• Musa Kart, cartoonist. Charge: Helping an armed terrorist organization without being a member, malpractice. Status: In custody.
  • Hakan Kara, columnist, Charge: Helping an armed terrorist organization without being a member, malpractice. Status: In custody.
  • Mustafa Kemal Güngör, lawyer and member of the Cumhuriyet Foundation's board of directors. Charge: Helping an armed terrorist organization without being a member, malpractice. Status: In custody.
  • Aydın Engin, columnist. Charge: Helping an armed terrorist organization without being a member. Status: Free pending trial.
  • Hikmet Çetinkaya, columnist. Charge: Helping an armed terrorist organization without being a member, malpractice. Status: Free pending trial.
  • Bülent Yener, former member of the Cumhuriyet Foundation's board of directors. Charge: Helping an armed terrorist organization without being a member. Status: Free pending trial.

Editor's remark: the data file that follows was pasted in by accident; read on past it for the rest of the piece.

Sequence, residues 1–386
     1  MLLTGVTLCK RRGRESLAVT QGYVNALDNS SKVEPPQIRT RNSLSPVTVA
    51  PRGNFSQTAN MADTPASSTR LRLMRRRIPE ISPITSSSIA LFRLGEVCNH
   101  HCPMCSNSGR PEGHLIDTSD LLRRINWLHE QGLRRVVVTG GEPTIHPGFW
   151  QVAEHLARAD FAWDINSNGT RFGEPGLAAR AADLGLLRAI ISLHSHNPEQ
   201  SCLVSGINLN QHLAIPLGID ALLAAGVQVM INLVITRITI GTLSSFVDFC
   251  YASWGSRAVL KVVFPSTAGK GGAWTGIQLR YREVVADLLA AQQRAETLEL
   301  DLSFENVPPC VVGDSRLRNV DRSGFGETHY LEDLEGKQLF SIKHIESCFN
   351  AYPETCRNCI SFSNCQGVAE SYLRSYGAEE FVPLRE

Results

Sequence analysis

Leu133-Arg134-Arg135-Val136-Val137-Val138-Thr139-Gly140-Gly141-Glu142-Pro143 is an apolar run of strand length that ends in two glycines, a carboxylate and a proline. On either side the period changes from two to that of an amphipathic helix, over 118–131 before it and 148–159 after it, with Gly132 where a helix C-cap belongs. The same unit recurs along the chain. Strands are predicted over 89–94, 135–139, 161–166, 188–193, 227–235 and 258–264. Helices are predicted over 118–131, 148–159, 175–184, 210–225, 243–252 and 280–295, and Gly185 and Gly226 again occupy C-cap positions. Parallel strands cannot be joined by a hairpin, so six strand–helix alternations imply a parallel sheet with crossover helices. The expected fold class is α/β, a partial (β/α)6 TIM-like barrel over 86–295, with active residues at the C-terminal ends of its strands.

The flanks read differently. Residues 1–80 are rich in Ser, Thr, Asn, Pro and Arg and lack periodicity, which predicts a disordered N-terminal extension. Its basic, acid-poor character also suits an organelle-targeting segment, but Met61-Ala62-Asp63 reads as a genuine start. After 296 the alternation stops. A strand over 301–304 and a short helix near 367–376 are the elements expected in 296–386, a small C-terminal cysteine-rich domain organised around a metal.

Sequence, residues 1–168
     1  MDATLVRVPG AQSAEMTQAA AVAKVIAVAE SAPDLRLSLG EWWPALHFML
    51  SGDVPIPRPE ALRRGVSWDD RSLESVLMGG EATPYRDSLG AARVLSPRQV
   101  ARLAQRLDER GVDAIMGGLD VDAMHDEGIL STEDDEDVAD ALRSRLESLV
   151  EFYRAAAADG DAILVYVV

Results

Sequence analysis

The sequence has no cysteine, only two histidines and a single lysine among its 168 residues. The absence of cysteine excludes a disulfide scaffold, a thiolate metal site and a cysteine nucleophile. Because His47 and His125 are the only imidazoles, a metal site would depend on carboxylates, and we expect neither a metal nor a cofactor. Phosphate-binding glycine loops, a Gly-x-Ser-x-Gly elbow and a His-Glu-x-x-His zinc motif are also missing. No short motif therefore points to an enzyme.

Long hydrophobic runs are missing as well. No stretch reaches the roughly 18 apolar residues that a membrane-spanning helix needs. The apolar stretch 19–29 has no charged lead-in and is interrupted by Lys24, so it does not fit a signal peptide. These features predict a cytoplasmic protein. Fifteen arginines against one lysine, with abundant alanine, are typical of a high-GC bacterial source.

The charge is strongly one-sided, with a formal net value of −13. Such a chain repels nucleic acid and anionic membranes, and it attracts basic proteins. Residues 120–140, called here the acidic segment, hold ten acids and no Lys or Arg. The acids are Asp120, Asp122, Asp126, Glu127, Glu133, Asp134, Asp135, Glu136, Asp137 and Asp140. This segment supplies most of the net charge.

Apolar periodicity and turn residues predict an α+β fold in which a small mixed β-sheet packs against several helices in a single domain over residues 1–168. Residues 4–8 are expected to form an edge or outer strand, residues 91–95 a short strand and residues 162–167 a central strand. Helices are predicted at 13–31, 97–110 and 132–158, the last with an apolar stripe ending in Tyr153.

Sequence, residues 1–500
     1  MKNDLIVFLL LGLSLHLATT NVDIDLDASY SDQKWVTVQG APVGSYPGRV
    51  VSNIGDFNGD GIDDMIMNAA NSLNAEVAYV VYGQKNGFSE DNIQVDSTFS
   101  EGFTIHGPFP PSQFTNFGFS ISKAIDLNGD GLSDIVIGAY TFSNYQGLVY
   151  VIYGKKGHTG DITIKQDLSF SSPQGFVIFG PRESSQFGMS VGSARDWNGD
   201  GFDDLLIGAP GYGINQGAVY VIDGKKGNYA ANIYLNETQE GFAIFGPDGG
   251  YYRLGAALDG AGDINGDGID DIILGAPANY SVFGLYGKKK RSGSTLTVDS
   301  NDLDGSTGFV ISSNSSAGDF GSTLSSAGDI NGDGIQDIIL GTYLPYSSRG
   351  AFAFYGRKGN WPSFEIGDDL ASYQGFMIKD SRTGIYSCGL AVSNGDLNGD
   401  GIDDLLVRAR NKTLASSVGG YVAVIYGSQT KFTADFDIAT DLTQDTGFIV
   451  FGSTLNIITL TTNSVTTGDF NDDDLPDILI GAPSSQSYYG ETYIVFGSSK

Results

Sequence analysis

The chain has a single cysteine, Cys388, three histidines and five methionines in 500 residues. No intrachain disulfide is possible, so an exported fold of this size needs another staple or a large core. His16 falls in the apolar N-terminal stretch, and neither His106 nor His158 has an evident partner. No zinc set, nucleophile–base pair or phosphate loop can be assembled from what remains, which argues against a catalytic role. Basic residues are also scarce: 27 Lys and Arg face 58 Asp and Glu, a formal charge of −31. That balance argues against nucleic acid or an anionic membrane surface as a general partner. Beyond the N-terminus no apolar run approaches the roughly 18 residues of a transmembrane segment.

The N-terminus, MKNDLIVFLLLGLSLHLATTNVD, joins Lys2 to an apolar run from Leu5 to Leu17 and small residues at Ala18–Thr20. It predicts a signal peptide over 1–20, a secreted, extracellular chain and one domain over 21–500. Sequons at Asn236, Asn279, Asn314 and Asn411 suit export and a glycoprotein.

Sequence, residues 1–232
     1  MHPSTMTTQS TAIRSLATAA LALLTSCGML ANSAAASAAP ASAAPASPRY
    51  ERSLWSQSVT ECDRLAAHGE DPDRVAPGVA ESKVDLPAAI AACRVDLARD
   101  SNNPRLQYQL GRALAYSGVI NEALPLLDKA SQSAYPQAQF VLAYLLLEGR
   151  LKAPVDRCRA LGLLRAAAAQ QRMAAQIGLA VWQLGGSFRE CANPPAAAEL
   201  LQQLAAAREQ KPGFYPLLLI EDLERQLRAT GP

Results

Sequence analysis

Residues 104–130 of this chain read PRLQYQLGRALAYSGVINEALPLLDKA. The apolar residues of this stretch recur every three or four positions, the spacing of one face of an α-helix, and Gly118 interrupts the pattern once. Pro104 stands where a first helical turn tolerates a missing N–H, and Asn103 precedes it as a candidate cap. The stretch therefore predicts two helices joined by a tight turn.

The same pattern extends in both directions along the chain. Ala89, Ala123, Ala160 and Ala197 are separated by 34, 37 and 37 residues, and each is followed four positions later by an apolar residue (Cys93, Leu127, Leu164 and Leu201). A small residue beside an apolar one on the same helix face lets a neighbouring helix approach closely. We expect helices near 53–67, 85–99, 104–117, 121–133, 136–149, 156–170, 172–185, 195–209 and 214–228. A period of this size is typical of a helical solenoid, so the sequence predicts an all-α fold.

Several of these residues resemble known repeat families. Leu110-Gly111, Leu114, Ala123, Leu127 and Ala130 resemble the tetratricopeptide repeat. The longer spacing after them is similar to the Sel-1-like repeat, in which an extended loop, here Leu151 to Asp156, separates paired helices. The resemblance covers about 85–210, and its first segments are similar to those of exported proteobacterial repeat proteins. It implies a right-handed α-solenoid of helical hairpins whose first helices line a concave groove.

• Günseli Özaltay, chief accountant. Charge: Helping an armed terrorist organization without being a member. Status: Free pending trial.
  • Ahmet Kemal Aydoğdu, Twitter user @jeansbiri. Charge: Running an armed terrorist organization. Status: In custody.
  • İlhan Tanır, Washington reporter. Charge: Being a member of an armed terrorist organization. Status: Currently abroad.
  • Ahmet Şık, reporter. Charge: Helping an armed terrorist organization without being a member. Status: In custody related to a separate trial.

The indictment argues that Cumhuriyet, which it describes as a left-leaning kemalist newspaper, changed its editorial policies, eliminated those who resisted the change, and created propaganda for the outlawed Kurdistan Workers Party (PKK) the so-called Fethullah Gülen Terrorist Organization (FETÖ); and the outlawed socialist group the Revolutionary People's Salvation Front/Party (DHKP/C). Evidence against some of the defendants includes meetings or phone calls with people allegedly affiliated with FETÖ. The indictment lists several news stories in Cumhuriyet on domestic and foreign issues as evidence of alleged terrorist activity such as "manipulating the public," and says the change happened in 2013, when Dündar was made chief editor